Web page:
Many of you know of Michael through his work on China, but before he moved to Beijing, he was in New York trading and underwriting Latin American debt. The Volatility Machine—a great book that for reasons I do not understand is now extremely expensive—was informed by those experiences. So it was great to talk with Michael about Argentina’s ongoing financial crisis and new president Javier Milei’s goal of eventually replacing the Argentine peso with the U.S. dollar.
We covered a lot of ground, including the similarities between pre-Peron Argentina and the antebellum American south, development experts’ changing views of Latin America vs. East Asia, why Pettis thinks that Peronist import substitution gets a bad rap, and the political economy of debt forgiveness.
Hope you enjoy! Full edited transcript below the fold.
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Argentina and the Limits of Fiscal Space — The Overshoot
The Economic Development of Latin America and its Principal Problems — ECLA (Raúl Prebisch)
Matt Klein: Hello! And welcome back to UN/BALANCED, a listener-supported podcast about the global economy and financial system. I’m Matt Klein.
Michael Pettis: And I’m Michael Pettis. Today we’re going to take a look at a country that’s been in the news quite a lot very recently because of their recent elections, which is, of course, Argentina.
It’s reputed to be one of the few countries to have steadily declined from being one of the richest in the world per capita to, at best, a middle-income country. It has been in an ongoing financial crisis for the past five years. Some more skeptical people might argue it’s been in an ongoing financial crisis for the past 50 years. It just elected a new president, Javier Milei, who wants Argentina to eliminate its central bank, eliminate a whole series of ministries, and abandon the peso for the U.S. dollar.
Matt Klein: And I think this will be a fun topic for us because, even though you’ve been in China for over 20 years at this point—and have developed a major reputation for that—you cut your teeth on the Latin American debt crises. And being widely read and financially economic history, this is a topic that you’ve spent a lot of time thinking about over the years, as well as something we discussed in our book insofar as it related to the history of financial crises and financial globalization. So I think this should be a really interesting conversation.
Michael Pettis: I think, Matt, you’re not allowed to have a conversation on the Argentine economy without making reference to a quote by, I forget who, who basically said there are three types of economies in the world: there are advanced economies, there are developing economies, and then there’s Argentina. And I think that gets at how strange the economic history of Argentina has been.
Matt Klein: You know, I’ve heard another version of that joke where there’s a fourth one, which is Japan, but we could maybe save that for another time.
Michael Pettis: Well, yeah, that was a joke in the 1980s. We don’t believe that anymore.
Matt Klein: Right. So let’s get started with what for me is kind of the basic question, which is: if we zoom out and look at Argentina from the late 1800s, it looks a lot like Australia and Canada. It is a New World society populated overwhelmingly by European immigrants; the wealth of the country is almost entirely in commodities; the land is very conducive for extracting agricultural or industrial products and then exporting them; and there were strong ties to the British Empire.
And yet, if we look at the trajectory of those three countries, Australia and Canada more or less end up kind of developing in similar ways—obviously, there are important differences—but Argentina goes in a completely different direction, starting around sort of the 1930s/1940s. What is the argument for why that happened? Maybe you can kind of lay out what you think has happened.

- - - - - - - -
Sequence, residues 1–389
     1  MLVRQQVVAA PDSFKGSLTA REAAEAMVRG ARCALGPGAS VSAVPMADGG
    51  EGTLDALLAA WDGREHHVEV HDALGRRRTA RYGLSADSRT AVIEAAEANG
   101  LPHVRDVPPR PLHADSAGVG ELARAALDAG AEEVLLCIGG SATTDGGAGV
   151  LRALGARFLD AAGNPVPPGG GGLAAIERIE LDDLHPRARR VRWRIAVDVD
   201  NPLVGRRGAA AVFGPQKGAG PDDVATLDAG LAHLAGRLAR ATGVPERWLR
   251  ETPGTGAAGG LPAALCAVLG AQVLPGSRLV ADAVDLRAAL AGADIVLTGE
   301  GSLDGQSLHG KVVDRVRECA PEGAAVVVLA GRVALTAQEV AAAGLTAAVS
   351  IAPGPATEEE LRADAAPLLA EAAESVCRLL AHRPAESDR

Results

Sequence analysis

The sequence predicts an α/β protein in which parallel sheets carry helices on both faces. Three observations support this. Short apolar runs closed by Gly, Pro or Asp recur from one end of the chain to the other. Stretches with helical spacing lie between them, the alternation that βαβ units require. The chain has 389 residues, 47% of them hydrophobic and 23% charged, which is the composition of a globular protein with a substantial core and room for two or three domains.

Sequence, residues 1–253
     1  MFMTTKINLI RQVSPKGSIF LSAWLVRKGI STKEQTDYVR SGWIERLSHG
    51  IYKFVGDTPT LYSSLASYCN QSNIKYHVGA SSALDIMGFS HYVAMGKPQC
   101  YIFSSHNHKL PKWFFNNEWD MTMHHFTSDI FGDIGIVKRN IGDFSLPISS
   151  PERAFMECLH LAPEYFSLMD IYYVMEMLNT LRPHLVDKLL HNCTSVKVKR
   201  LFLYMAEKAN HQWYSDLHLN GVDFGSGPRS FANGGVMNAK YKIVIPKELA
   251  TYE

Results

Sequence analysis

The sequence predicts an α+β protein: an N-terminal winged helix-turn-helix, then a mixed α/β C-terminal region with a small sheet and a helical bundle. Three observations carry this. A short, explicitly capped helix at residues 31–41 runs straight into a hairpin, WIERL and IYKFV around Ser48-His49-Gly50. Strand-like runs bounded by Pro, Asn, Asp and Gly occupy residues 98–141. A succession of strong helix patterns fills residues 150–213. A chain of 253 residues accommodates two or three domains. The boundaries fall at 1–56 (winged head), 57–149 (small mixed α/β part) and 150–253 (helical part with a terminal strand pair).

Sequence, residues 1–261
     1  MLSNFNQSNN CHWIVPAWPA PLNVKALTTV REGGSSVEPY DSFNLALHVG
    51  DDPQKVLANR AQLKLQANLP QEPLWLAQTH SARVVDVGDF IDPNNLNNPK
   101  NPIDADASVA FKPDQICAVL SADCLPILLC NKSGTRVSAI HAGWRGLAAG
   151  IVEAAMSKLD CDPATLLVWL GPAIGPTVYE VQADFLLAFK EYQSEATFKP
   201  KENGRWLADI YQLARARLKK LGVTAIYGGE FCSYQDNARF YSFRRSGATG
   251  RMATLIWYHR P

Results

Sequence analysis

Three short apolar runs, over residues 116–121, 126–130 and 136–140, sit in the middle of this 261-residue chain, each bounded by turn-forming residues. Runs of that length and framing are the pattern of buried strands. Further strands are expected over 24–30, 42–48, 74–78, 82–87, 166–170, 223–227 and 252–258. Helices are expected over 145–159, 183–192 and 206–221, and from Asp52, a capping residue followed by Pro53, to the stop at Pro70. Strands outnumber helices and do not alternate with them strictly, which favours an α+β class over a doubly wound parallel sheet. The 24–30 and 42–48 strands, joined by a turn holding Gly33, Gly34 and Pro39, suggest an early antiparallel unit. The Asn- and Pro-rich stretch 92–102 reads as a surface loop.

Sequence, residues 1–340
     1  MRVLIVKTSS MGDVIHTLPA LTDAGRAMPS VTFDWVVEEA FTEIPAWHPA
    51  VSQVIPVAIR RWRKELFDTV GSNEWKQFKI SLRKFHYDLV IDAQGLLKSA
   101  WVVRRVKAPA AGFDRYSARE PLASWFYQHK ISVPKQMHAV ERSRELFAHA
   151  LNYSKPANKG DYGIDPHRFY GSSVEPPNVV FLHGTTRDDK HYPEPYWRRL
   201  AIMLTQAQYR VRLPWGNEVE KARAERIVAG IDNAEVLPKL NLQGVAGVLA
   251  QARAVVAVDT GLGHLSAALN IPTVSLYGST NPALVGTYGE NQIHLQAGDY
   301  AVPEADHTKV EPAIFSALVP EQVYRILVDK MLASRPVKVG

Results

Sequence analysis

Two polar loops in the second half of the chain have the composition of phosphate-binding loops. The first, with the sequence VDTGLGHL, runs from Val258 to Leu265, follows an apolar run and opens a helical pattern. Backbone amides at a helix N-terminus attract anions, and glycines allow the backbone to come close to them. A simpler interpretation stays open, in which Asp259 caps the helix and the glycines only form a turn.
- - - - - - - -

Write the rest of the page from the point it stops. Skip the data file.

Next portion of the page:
Michael Pettis: Well, you know, in my early career days… As you know, I was involved in trading and capital markets, specializing particularly in Latin America. I did, I think, the second bond issue by the Argentine government after it had finally returned to the markets after the debt crisis of the 1980s. And it’s sort of a joke that if you put two Argentines in a room and ask them what happened, not only will you get completely different answers from each of them, but one of them will end up having to kill the other one. It’s a really hotly debated topic.
There are people who argue that things went seriously wrong in the 1930s. Others argue that things began to go wrong after World War II, under Perón. And still others will argue everything was fine until the 1970s, and then things went seriously wrong there. It’s hard to say.
I think one of the important issues that we sometimes forget is that although there is a consensus that Argentina, on a per capita basis, was one of the richest countries in the world at the beginning of the 20th century, that wealth was very unevenly distributed and was almost wholly accounted for by the incredible productivity of Argentine agriculture.
It didn’t really show up in the cities and it didn’t really show up in the industrial side. Argentina was a very typical poor country, by that standard.
It was the very wealthy landowners that brought up Argentine per capita income to advanced country levels. The stereotype of Argentina in the 1910s and the 1920s was the romantic Argentine polo-playing-millionaire. They were all supposed to be millionaires, and I suspect it’s probably because either they were, or they were extremely poor.
Matt Klein: Right. There’s an interesting thing I found recently: the economic historian Joseph Francis was looking into this, and he made the point that if you look at development indicators other than GDP per capita, Argentina does not look like a rich country by the standards of the late 1800s or early 1900s, whether it’s education, or health, or things like that. Instead, it looks a lot more like a poor country.
From that perspective, what we see from the 1930s onwards looks a lot more like convergence to those indicators rather than some kind of surprising decline. I don’t know if that’s really the right way of thinking about it, but it’s an interesting perspective.
Michael Pettis: Well, it’s sort of consistent with what I’ve heard, which is that really Argentina was not a rich country. Certain Argentines were fabulously wealthy because of the incredible productivity of the agricultural sector. And so they brought the averages up, but median incomes were probably way below the average income.
Matt Klein: So then one question would be: even given that, what changed in the past—depending on your time horizon, 50 years or 80 years or 90 years—to lead to the divergence in reported GDP per capita between Argentina and Australia, Canada, or even the United States?